Children in hiding after mother deported

In a case thought to be the first of its kind in the UK, three children – the youngest only three-years-old – are in hiding in Britain after their mother was seized and deported without them.

Rose Nammi claimed asylum in Britain in 2001 claiming that she and her eldest child had been raped and tortured in Uganda. Her claim was refused and a subsequent appeal was  denied when Nammi was unable to attend.

Despite having temporary leave to remain, she was seized six weeks ago by immigration officials while signing on at a police station. She was detained at Yarls Wood detention centre on September 8 before being deported five days later.

Her children have now been without an adult carer for more than a month. They are in hiding in an attempt to prevent the Home Office from deporting them.

Social services are understood to be assessing the children, but are not thought to be considering care proceedings.

Human rights barrister Usha Sood, who is working on behalf of the family, said: “We are putting a case together but in the meantime if the children are identified, they will almost certainly be deported.” 

Sood said the children had been made wards of court in an attempt to prevent their removal. Nammi’s eldest daughter, who is 16, has also made an independent asylum claim.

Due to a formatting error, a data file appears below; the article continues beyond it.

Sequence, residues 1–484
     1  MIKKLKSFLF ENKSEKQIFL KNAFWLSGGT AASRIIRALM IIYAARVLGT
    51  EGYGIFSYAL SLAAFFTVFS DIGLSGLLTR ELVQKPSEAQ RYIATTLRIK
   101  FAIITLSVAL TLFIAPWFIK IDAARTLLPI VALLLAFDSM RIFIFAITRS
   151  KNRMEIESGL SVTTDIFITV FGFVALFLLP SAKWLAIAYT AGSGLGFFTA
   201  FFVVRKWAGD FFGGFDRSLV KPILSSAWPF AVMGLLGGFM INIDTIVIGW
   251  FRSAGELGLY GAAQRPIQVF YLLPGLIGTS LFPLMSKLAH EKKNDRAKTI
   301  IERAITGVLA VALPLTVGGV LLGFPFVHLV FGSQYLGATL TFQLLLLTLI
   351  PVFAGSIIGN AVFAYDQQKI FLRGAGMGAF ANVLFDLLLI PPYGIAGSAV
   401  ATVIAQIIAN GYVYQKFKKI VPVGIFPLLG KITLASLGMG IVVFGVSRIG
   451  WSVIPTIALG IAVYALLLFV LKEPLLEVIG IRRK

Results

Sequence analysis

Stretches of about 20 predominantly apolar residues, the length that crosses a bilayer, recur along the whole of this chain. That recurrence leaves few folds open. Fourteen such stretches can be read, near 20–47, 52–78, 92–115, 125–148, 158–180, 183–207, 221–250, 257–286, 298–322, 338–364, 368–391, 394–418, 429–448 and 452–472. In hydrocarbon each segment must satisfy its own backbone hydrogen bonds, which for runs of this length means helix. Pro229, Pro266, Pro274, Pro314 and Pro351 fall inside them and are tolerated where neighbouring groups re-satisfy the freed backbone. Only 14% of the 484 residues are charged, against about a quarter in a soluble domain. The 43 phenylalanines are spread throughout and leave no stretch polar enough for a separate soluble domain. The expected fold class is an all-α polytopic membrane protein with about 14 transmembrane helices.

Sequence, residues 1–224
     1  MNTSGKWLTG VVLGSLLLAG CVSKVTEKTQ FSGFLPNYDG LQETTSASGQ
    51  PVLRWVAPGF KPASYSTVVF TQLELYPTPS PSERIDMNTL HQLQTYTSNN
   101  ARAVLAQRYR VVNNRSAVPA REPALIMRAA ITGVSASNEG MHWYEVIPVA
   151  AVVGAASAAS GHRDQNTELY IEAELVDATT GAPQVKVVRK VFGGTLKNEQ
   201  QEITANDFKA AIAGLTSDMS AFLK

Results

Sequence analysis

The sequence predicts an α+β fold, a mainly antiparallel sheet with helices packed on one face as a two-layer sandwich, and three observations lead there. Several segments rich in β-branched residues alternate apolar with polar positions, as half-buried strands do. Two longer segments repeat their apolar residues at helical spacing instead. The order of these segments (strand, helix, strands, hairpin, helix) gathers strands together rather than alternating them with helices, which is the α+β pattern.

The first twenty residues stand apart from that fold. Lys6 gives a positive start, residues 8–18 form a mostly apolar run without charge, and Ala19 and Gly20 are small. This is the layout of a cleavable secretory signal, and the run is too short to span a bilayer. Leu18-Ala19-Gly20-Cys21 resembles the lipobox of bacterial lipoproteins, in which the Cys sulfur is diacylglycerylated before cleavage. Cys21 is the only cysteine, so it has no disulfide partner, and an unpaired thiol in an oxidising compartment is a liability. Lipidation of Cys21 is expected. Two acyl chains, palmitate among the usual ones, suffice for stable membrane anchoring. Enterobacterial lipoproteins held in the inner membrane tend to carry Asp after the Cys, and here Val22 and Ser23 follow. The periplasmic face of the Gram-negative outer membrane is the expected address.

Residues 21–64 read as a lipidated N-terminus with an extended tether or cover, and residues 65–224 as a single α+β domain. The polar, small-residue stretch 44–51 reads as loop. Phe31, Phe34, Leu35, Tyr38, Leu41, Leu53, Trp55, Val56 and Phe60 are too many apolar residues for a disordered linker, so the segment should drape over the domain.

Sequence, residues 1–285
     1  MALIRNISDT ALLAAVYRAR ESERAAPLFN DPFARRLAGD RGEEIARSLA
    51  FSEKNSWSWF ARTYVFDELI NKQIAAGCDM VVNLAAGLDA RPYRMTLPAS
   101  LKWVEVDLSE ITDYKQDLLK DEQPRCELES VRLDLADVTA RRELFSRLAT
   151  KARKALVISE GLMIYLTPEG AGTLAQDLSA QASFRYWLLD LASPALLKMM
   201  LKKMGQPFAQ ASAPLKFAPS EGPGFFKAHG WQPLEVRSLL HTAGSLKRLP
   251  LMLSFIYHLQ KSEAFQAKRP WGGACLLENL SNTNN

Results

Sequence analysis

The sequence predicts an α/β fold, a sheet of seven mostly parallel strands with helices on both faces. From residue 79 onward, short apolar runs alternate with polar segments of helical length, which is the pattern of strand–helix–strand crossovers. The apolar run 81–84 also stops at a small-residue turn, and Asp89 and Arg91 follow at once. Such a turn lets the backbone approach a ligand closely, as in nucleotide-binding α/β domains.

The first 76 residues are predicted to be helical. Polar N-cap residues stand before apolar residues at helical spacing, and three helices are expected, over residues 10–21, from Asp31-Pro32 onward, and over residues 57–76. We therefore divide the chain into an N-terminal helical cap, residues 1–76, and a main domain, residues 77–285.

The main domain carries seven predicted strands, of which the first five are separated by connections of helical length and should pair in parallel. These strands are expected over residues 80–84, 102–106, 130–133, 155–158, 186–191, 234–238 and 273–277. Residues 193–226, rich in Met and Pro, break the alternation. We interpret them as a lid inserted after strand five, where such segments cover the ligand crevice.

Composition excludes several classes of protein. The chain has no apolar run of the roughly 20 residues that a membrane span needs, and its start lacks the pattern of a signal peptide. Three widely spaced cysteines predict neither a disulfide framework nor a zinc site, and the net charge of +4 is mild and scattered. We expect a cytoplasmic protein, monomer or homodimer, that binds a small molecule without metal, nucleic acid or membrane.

Cristel Amiss at the Black Women’s Rape Action Project said that women with dependent children were “a very easy target” for immigration officials and that large numbers were now being deported. “Their desperate need for housing and financial assistance mean they can’t simply drop out of official channels.”

“They are told to bring all their children and any medication with them when they sign on, which clearly implies ‘we are going to seize and deport you’.”

“If they seize a woman without her children they are making a choice to inflict unbearable suffering on people who are already severely traumatised.”

A Home Office spokesperson refused to comment on the particulars of the case, but said that where deportation was considered appropriate, every effort was made to pick up all members of a family at the same time. Where that proved impracticable, they added, the aim would be to reunite families as soon as possible.




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